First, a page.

Forbes tries again to pump air into the flat tax

August 07, 2005|By Michael Kinsley

IT'S TRUE that the Republicans are the party of ideas and the Democrats are the party of reaction. Republicans set the agenda, and Democrats try to talk the country out of it.

But the Republican Party is hardly the Institute for Advanced Studies. The GOP uses ideas like seasonal sports equipment - taking them out when needed then scraping the mud off and stuffing them back into the garage until they are needed again.

Remember term limits? The flag-burning amendment? The balanced budget amendment? Each of these has had a moment or two of glory, when Republican politicians, conservative TV and radio hosts and The Wall Street Journal editorial page all decided simultaneously that implementing this idea was vital to the survival of Western civilization. Polls soon showed a majority of Americans agreeing with them. The idea seemed unstoppable. It had the winds of history behind it. And then the wind died and the idea went away.

The so-called flat tax is another hobby horse of the right that swept the nation, then vanished.

But someone forgot to tell Steve Forbes, the amiably blank-faced magazine heir who ran for president on the issue in 1996 and 2000. Now he has a book out, Flat Tax Revolution: Using a Postcard to Abolish the IRS. It's getting the full fair-and-balanced treatment - that is, unashamed open-throated puffery - on Fox News and other conservative outlets. So even though the idea looks pretty dead right now, a stake through its heart might still be prudent.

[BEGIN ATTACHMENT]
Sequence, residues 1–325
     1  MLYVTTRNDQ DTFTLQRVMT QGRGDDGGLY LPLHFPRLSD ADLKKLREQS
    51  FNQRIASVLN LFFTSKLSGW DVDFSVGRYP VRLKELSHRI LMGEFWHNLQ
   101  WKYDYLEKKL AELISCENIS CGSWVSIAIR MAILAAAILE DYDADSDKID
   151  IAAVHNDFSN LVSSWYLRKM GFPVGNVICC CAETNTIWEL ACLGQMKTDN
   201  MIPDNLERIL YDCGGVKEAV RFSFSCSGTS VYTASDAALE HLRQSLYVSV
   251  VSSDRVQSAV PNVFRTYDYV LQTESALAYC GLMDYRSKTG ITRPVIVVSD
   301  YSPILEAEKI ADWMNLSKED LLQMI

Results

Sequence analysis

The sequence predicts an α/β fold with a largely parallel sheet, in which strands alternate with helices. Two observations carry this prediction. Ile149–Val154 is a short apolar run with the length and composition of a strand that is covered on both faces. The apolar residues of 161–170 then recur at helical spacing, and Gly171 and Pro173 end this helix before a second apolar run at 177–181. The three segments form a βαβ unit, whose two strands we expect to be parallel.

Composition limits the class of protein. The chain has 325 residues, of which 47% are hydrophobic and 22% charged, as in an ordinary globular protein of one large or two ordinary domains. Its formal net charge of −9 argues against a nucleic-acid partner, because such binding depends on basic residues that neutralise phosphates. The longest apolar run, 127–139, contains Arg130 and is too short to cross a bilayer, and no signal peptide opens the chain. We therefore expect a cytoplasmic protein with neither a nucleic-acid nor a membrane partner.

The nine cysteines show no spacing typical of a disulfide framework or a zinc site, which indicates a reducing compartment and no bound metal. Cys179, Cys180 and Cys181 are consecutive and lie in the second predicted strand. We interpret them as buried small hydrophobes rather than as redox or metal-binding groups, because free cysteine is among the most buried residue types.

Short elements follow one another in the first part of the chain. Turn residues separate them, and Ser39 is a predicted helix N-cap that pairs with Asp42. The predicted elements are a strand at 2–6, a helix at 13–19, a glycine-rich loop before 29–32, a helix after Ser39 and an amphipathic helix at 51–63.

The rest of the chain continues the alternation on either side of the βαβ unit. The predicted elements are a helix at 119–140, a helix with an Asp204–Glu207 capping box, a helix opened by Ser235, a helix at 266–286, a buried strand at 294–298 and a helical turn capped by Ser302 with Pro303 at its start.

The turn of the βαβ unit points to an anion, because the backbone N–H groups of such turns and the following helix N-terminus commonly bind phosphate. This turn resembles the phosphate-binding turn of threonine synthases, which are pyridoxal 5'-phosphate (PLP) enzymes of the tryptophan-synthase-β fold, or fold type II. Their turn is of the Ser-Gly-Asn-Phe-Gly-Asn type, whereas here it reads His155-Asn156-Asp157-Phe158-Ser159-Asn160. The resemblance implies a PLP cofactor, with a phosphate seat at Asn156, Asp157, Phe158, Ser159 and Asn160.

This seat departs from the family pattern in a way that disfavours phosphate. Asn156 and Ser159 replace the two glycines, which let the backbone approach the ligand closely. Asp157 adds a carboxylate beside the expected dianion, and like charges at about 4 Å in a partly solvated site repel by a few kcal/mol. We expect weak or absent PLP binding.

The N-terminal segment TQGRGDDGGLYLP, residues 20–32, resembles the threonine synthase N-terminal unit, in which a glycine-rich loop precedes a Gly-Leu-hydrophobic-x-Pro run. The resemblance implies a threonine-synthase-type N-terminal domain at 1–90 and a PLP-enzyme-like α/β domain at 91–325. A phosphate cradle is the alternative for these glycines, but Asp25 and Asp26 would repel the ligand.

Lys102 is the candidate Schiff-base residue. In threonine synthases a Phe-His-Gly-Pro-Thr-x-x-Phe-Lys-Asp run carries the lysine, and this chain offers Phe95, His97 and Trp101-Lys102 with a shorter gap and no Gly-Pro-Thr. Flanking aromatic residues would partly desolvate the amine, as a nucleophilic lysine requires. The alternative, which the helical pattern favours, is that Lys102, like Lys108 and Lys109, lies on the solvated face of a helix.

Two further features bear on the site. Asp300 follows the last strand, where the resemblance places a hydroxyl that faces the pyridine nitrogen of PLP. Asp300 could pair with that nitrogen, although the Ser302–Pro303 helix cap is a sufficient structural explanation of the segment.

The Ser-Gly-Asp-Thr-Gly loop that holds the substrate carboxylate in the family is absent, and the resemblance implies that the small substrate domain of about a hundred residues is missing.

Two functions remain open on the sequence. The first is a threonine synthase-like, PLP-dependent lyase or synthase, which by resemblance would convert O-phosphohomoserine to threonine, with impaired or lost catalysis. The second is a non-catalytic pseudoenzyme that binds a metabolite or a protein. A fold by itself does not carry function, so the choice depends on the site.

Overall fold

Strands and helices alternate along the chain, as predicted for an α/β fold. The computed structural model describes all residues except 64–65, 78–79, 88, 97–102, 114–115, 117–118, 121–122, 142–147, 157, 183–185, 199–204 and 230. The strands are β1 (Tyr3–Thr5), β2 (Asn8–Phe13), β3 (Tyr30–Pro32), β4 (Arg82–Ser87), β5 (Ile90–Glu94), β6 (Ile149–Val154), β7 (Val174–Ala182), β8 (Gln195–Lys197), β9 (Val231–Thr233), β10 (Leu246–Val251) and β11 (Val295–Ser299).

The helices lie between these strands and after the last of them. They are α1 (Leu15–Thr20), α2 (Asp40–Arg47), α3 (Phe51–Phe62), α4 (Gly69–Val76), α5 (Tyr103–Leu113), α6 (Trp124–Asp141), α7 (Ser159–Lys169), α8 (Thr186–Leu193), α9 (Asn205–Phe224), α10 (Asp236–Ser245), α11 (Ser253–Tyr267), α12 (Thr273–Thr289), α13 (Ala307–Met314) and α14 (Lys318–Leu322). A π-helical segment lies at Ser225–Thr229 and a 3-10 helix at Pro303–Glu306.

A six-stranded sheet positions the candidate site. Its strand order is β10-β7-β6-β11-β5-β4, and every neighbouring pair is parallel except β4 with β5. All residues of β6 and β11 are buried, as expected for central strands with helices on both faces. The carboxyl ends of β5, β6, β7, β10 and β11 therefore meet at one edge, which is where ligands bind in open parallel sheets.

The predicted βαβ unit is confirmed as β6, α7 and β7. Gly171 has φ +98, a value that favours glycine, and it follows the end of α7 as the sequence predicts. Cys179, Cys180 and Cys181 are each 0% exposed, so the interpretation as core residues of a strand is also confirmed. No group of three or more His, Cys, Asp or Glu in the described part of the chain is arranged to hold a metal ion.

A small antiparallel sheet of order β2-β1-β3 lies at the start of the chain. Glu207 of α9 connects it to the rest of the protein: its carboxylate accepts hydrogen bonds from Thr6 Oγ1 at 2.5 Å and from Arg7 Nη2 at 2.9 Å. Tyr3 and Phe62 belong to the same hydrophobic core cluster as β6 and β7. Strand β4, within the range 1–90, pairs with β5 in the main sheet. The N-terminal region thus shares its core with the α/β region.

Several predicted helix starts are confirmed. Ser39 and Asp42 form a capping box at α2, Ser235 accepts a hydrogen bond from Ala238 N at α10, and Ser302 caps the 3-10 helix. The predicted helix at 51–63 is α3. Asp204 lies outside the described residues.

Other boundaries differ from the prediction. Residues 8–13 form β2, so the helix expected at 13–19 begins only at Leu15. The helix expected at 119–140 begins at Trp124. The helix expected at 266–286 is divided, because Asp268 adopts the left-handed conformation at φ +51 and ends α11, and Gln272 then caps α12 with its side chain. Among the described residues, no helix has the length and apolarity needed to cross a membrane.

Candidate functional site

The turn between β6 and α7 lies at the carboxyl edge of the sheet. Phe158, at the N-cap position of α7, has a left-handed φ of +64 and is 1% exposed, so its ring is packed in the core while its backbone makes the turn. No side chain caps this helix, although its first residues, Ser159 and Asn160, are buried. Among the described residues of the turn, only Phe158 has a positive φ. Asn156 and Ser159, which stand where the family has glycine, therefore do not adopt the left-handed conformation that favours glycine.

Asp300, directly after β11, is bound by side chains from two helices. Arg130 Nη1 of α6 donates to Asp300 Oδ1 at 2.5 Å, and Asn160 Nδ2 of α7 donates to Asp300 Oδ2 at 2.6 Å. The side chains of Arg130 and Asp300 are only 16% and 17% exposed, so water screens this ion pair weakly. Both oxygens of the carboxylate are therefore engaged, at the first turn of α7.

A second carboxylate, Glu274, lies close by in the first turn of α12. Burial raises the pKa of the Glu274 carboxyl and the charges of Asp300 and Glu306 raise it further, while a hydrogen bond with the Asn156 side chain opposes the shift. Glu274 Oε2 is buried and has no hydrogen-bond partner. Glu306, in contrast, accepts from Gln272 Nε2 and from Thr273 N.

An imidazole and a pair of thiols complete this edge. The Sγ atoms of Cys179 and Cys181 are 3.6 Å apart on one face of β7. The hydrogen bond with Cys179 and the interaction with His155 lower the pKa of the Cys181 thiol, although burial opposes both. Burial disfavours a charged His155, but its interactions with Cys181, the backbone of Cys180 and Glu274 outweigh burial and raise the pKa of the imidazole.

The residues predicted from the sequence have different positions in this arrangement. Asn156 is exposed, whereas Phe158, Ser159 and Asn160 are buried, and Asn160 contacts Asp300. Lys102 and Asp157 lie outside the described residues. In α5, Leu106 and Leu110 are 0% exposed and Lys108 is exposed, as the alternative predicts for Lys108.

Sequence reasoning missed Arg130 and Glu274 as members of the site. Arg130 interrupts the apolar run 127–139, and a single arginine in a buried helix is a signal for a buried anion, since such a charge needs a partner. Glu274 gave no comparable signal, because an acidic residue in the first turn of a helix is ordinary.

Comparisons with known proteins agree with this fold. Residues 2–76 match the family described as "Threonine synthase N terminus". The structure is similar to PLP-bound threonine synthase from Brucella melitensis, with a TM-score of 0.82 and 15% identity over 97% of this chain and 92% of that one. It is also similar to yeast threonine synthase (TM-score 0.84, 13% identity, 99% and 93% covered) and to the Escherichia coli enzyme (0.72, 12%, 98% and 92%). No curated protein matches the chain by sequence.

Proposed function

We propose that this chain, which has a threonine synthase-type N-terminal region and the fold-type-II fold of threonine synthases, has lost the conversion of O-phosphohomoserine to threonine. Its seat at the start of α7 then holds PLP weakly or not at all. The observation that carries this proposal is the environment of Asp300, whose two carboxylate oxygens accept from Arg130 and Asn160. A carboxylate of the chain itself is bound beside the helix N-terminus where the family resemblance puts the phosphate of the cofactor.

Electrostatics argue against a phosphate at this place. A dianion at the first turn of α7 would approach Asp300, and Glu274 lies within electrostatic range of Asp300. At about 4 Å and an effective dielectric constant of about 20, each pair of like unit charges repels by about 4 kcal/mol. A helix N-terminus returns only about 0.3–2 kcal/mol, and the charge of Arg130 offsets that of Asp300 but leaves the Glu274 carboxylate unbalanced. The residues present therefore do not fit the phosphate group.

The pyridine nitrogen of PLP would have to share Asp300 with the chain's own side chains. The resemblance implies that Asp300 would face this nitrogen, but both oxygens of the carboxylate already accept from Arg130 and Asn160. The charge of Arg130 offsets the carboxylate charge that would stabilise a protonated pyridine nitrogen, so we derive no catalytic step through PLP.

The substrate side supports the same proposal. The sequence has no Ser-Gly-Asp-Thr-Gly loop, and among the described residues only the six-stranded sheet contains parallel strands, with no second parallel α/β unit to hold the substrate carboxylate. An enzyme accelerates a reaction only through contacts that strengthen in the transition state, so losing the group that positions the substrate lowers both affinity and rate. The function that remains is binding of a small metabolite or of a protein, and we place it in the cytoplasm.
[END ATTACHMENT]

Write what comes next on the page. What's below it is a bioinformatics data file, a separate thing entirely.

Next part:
The flat tax is a game of three-card monte that deliberately confuses the issues of simplicity, fairness and the total tax burden on society. A simpler tax system would be a very good thing: good for the economy and good for all of our sanity. But progressive tax rates - higher taxes on higher incomes - aren't what make the current system so complicated. It's as easy to multiply by 40 percent as it is to multiply by 17 percent.

The complications come in defining and calculating income. Some of the complications are unavoidable, because people and companies have complicated affairs. The day may come when you can file your income tax on a post card (millions come close even today, with the sorta-simple 1040EZ), but that day will never arrive for Steve Forbes. As for the unnecessary complications, most of them were not put there by people or interest groups pushing for higher taxes and bigger government. Quite the opposite: The complications are mostly special rules for people or companies trying to lower their taxes.

The nub of Mr. Forbes' proposal is this: Everybody would pay an income tax of 17 percent, with most deductions eliminated but enough basic exemptions so that a family of four would owe no income tax until it had income of more than $46,000. Of course, this family would still pay the FICA Social Security tax. FICA is a bigger burden than the income tax for most people. But it tops out at incomes of $90,000 and doesn't apply to investment income.

Mr. Forbes figures that almost everybody would pay less under his proposal than under the current system. And just to make sure, he would let you opt to calculate your taxes under current rules if you prefer. So everybody would pay less. That is swell. But it has nothing to do with the flatness or otherwise of the tax system.

And if everyone gets a tax cut, where does the money come from? Do you really have to ask? It seems that no amount of recent experience can put a dent in the wonderfully convenient belief that you can raise tax revenues by cutting taxes, because lower taxes inspire people to work longer and think harder. Debate on this quickly becomes theological, so let's note only that tax rates were higher than they are now when Mr. Forbes had the inspiration to be born into a wealthy family, and higher still when his father, Malcolm, first built the family fortune.

Next idea, please. Or, heck, why don't we take term limits out for another spin? It's been a while.

Michael Kinsley is opinion page editor and editorial page editor of the Los Angeles Times, a Tribune Publishing newspaper.

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